Biography and History

Lyman Spitzer was born in Toledo, Ohio, in 1914. Educated at Phillips Academy, Yale University, and Cambridge, he received his Ph.D. from Princeton University in 1938. During World War II he participated in underwater warfare research. In 1947 he was appointed chairman of the Astrophysics Department at Princeton University, beginning a long and fruitful tenure. In 1952 he was elected to the National Academy of Sciences. He was primarily responsible for the creation of the Plasma Physics Laboratory at Princeton University.

In his theoretical work, Professor Spitzer focused on the formation of stars from interstellar matter. His work in this area, with its concern with ionized gases, led him into the area of plasma physics. Spitzer was one of the first to point out that a magnetic field might be used to control plasma in a laboratory environment. In the area of observatory astronomy, Spitzer helped push forward the use of telescopes in satellites, and was an early advocate of the Hubble Telescope. He wrote several books, including Physics of Ionized Gases (1962), Dynamical Evolution of Globular Clusters (1987), and Searching Between the Stars (1982), a collection of lectures. He died in 1997.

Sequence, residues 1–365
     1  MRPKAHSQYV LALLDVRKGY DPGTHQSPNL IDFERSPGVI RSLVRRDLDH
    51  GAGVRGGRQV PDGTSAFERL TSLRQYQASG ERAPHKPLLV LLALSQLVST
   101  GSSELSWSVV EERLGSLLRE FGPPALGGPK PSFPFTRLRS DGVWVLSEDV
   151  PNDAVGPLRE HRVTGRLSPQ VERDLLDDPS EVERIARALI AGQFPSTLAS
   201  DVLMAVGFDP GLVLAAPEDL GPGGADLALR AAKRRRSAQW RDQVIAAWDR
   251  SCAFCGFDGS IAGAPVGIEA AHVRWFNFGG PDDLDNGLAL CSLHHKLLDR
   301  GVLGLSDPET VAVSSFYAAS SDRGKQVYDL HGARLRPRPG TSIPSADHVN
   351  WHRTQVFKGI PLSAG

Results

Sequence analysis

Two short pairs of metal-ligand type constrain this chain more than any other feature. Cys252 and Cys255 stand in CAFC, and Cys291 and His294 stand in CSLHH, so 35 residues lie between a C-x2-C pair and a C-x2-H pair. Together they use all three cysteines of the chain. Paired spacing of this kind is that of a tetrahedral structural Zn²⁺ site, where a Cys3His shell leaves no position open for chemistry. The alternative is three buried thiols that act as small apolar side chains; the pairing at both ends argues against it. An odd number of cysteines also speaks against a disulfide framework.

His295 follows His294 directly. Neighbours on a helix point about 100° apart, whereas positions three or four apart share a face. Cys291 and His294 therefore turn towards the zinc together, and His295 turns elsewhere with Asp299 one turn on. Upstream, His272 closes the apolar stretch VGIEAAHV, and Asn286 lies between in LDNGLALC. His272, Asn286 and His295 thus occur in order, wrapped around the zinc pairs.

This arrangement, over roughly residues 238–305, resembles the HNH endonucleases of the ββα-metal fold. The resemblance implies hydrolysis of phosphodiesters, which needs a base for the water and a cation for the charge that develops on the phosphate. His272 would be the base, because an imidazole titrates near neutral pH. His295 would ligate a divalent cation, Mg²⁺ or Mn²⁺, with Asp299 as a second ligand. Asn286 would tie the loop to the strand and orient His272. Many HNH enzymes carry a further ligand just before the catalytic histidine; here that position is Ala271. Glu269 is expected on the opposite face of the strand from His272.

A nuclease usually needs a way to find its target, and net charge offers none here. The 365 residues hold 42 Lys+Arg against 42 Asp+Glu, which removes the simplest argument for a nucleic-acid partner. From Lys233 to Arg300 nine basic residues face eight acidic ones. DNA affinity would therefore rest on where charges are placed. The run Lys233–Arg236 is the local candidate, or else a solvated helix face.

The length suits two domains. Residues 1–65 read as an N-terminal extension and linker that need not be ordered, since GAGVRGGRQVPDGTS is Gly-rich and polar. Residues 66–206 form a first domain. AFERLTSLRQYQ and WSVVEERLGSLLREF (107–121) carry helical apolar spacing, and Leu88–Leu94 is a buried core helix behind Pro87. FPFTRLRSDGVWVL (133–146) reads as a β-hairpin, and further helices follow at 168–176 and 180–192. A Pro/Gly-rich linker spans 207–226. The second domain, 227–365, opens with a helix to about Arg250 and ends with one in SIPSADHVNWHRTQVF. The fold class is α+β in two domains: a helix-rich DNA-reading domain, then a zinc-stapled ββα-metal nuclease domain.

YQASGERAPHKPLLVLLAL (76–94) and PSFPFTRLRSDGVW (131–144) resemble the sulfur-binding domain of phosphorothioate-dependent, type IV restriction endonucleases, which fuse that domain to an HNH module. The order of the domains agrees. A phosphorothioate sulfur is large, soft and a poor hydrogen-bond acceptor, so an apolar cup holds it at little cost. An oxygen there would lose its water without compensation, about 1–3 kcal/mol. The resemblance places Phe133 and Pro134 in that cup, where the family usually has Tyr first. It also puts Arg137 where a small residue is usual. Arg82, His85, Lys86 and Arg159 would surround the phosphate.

Source: From the finding aid for C0682


  • Astronomers -- United States -- 20th century..
  • Astrophysicists -- New Jersey -- Princeton..
  • Astrophysical Sciences Department Records. 1835-2017 (inclusive), 1867-1966 (bulk).

    Call Number: AC157

    The papers of the Astrophysical Sciences Department represent the original observation records, correspondence, and teaching documents of Princeton astrophysicists from 1835 to 1988.

  • Lyman Spitzer Papers. 1936-1997 (inclusive), 1960-1979 (bulk).

    Call Number: C0682

    Princeton professor of astronomy (1947-1982), chairman of the Dept. of Astrophysical Sciences, and director of the Princeton University Observatory, Lyman Spitzer was also primarily responsible for founding the University’s Plasma Physics Laboratory. His papers include design studies, technical plans and programs, various reports, correspondence, notes, and observations relating to his involvement in the development of the study of space astronomy at Princeton.